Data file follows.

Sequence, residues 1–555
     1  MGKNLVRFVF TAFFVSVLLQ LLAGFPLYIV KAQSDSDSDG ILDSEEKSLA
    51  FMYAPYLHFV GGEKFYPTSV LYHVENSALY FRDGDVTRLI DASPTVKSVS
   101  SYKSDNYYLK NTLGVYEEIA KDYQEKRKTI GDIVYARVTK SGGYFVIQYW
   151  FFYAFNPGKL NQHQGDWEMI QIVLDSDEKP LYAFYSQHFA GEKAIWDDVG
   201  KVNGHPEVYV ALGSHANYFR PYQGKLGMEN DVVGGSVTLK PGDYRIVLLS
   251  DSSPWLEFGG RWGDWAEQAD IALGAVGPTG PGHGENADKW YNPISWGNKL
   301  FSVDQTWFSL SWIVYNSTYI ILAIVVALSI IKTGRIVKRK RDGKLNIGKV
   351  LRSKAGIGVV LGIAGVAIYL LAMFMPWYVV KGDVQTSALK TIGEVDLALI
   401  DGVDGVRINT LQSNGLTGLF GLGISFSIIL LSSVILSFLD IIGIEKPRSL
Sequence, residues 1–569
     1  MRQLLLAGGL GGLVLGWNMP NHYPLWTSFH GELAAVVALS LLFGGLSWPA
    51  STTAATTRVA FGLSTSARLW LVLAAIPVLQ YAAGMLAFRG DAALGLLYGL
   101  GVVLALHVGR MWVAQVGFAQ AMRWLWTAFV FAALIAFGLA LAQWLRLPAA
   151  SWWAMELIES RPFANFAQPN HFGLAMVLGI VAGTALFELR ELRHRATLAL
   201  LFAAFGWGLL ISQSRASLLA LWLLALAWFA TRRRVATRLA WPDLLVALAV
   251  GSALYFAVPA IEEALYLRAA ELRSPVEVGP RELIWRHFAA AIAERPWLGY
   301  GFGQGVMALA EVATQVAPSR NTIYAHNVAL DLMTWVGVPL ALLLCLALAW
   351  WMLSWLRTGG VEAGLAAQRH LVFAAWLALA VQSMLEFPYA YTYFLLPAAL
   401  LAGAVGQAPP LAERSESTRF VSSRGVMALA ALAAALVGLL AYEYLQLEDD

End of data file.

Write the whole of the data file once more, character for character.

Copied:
Sequence, residues 1–555
     1  MGKNLVRFVF TAFFVSVLLQ LLAGFPLYIV KAQSDSDSDG ILDSEEKSLA
    51  FMYAPYLHFV GGEKFYPTSV LYHVENSALY FRDGDVTRLI DASPTVKSVS
   101  SYKSDNYYLK NTLGVYEEIA KDYQEKRKTI GDIVYARVTK SGGYFVIQYW
   151  FFYAFNPGKL NQHQGDWEMI QIVLDSDEKP LYAFYSQHFA GEKAIWDDVG
   201  KVNGHPEVYV ALGSHANYFR PYQGKLGMEN DVVGGSVTLK PGDYRIVLLS
   251  DSSPWLEFGG RWGDWAEQAD IALGAVGPTG PGHGENADKW YNPISWGNKL
   301  FSVDQTWFSL SWIVYNSTYI ILAIVVALSI IKTGRIVKRK RDGKLNIGKV
   351  LRSKAGIGVV LGIAGVAIYL LAMFMPWYVV KGDVQTSALK TIGEVDLALI
   401  DGVDGVRINT LQSNGLTGLF GLGISFSIIL LSSVILSFLD IIGIEKPRSL
Sequence, residues 1–569
     1  MRQLLLAGGL GGLVLGWNMP NHYPLWTSFH GELAAVVALS LLFGGLSWPA
    51  STTAATTRVA FGLSTSARLW LVLAAIPVLQ YAAGMLAFRG DAALGLLYGL
   101  GVVLALHVGR MWVAQVGFAQ AMRWLWTAFV FAALIAFGLA LAQWLRLPAA
   151  SWWAMELIES RPFANFAQPN HFGLAMVLGI VAGTALFELR ELRHRATLAL
   201  LFAAFGWGLL ISQSRASLLA LWLLALAWFA TRRRVATRLA WPDLLVALAV
   251  GSALYFAVPA IEEALYLRAA ELRSPVEVGP RELIWRHFAA AIAERPWLGY
   301  GFGQGVMALA EVATQVAPSR NTIYAHNVAL DLMTWVGVPL ALLLCLALAW
   351  WMLSWLRTGG VEAGLAAQRH LVFAAWLALA VQSMLEFPYA YTYFLLPAAL
   401  LAGAVGQAPP LAERSESTRF VSSRGVMALA ALAAALVGLL AYEYLQLEDD